In baseball, batting is the act of facing the opposing pitcher and trying to produce offense for one's team. A batter or hitter is a person; the three main goals of batters are to become a baserunner, to drive runners home, or to advance runners along the bases for others to drive home, but the techniques and strategies they use to do so vary. Hitting uses a motion, unique to baseball, one, used in other sports. Hitting is unique because unlike most sports movements in the vertical plane of movement hitting involves rotating in the horizontal plane. In general, batters try to get hits. However, their primary objective is to avoid making an out, helping their team to score runs. There are several ways, they may draw a walk if they receive and do not swing the bat at four pitches located outside the strike zone. In cases when there is a runner on third and fewer than two outs, they can attempt to hit a sacrifice fly to drive the runner in by allowing the runner on third to tag up and score; when there are fewer than two outs and runners on base, they can try to sacrifice bunt to advance the runner or, with a runner on first or with runners on first and third, they can try a hit and run play designed to advance the runner.
They might be hit by a pitch, reach on an error or—if first is empty or there are two outs—on a dropped third strike. The defense attempts to get the batter out; the pitcher's main role in this is to throw the ball in such a way that the batter either strikes out or cannot hit it cleanly so that the defense can get him or her out. Batting is cited as one of the most difficult feats in sports because it consists of hitting a small round ball moving at high velocity, with a thin round bat. In fact, if a batter can get a hit in three out of ten at bats, giving him a batting average of.300, he or she is considered a good hitter. In Major League Baseball, no batter has had over a.400 average at the end of the season since Ted Williams'.406 in 1941, no batter has hit over.367 in a lifetime—Ty Cobb hit.3664. In modern times, the statistic on-base plus slugging is seen as a more accurate measure of a player's ability as a batter. An OPS at or near 1.000 is considered to be the mark of an exceptional hitter.
A sustained OPS at or above 1.000 over a career is a feat only a few hitters have been able to reach. Batters vary in their approach at the plate; some are aggressive hitters swinging at the first pitch. Others are patient, attempting to work the pitch count in order to observe all the types of pitches a pitcher will use, as well as tire out the pitcher by forcing him to throw many pitches early. Contact hitters are more aggressive, swinging at pitches within the strike zone, whereas power hitters will lay off borderline strikes in order to get a pitch they can drive for extra bases. In preparation of hitting, every baseball player has their own particular warm-up routine. Warming up before the game is done as a team, at the amateur level, focuses on helping the hitter get in the correct mindset to hit the ball; the most notable drill used is the "Tee Drill", where you hit a ball off a baseball tee and correct any issues you found during previous games or practices. There are various hitting devices used during warm up in the "on deck circle" to try and increase the batter's bat velocity.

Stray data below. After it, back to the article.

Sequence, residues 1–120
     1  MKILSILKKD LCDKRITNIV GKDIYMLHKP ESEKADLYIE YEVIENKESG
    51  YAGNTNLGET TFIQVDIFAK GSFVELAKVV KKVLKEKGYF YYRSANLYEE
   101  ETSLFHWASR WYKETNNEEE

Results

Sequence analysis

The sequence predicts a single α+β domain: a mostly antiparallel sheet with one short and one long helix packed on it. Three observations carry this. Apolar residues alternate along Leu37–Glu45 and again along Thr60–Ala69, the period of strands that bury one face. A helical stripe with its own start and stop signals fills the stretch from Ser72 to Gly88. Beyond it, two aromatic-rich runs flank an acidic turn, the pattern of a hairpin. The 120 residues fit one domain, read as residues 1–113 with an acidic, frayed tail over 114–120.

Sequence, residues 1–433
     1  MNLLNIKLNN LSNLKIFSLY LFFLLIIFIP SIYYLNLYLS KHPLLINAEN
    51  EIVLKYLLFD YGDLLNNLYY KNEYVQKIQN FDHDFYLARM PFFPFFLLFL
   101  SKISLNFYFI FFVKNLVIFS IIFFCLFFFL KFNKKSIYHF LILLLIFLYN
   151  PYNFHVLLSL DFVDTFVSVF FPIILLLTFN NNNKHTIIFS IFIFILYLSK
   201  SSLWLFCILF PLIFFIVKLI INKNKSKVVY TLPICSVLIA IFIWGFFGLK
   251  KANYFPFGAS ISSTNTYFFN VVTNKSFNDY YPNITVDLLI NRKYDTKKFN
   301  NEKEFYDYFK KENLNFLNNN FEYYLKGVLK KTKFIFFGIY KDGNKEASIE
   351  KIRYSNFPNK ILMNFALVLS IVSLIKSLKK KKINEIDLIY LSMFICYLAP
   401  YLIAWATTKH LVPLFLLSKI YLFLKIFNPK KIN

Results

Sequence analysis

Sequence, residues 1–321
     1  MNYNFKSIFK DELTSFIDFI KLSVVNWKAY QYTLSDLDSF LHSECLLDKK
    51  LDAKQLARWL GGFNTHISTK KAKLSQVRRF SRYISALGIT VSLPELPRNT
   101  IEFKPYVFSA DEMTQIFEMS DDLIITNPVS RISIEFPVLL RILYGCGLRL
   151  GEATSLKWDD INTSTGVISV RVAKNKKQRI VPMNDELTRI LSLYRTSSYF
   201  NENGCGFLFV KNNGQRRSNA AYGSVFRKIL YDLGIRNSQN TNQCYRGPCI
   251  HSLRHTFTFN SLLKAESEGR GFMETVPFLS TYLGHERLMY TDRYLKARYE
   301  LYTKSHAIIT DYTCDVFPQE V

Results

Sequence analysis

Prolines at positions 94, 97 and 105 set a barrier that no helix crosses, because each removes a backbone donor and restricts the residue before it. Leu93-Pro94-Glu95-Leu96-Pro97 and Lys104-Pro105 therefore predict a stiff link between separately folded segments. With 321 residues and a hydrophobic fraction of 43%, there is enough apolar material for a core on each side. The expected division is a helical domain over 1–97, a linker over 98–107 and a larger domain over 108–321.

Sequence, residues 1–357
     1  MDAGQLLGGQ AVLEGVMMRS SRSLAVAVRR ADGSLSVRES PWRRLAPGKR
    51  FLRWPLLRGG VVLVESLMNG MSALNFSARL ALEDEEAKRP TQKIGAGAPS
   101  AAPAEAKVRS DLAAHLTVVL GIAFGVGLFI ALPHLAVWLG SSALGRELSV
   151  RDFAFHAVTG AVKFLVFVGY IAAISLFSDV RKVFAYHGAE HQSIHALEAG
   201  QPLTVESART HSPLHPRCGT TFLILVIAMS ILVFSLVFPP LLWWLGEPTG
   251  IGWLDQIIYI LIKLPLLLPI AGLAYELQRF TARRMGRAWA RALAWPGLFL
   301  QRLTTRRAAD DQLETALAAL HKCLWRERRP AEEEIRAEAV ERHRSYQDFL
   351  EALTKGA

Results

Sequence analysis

The over weighted supplemental devices include swinging multiple bats, Schutt Dirx, Pitcher's Nightmare, Power Fin, Standard 23 oz softball bat, heavier 26 oz softball bat, lighter 18 oz softball bat and Doughnut ring. Weighted warm-up devices are used because players feel that warming-up with heavier bats will help them increase bat velocity because after the warm-up with a heavier bat, the normal bat feels lighter and they feel they could swing it faster; the effect of these devices is not only mental, but it may be physical. Heavy warm up loads stimulate the neural system, allowing for increased muscle activation during lighter bat swings; the use of weighted bats is based on the theory of complex training where sets of heavier and lighter resistances are alternated to increase muscle performance. This theory revolves around the idea that muscle contractions are stronger after reaching near maximal contractions; the postactivation potentiation improves motor neuron pool excitability and increases the number of recruited motor units, both leading to greater power output.
The additional weight may help strengthen the muscles of the forearms and wrist thus increasing bat velocity, though some evidence suggests that the effect is psychological rather than biomechanical. The lineup or batting order is a list of the nine baseball players for a team in the order they will bat during the game. During the game the only way to change the lineup is via substitution, as batting out of turn is not allowed. Once the ninth person in the lineup finishes batting, the first person bats again. Lineups are designed to facilitate manufacturing runs. Depending on batters' skills, they might be placed in different parts of the lineup. Of course, when it comes down to it, all batters are attempting to create runs for the team; the player batting in a game is said to be at the plate, at bat, or up to bat. To keep the game moving at an orderly pace, the next batter due up waits to take his turn in a circle (actuall
In baseball, a no-hitter is a game in which a team was not able to record a single hit. Major League Baseball defines a no-hitter as a completed game in which a team that batted in at least nine innings recorded no hits. A pitcher who prevents the opposing team from achieving a hit is said to have "thrown a no-hitter"; this is a rare accomplishment for a pitcher or pitching staff: only 299 have been thrown in Major League Baseball history since 1876, an average of about two per year. In most cases in MLB, no-hitters are recorded by a single pitcher; the most recent no-hitter by a single pitcher was thrown on May 8, 2018 by James Paxton of the Seattle Mariners against the Toronto Blue Jays at Rogers Centre. The most recent combined no-hitter was thrown on May 4, 2018 by Walker Buehler, Tony Cingrani, Yimi Garcia, Adam Liberatore of the Los Angeles Dodgers against the San Diego Padres at Estadio de Béisbol Monterrey, it is possible to reach base without a hit, most by a walk, error, or being hit by a pitch.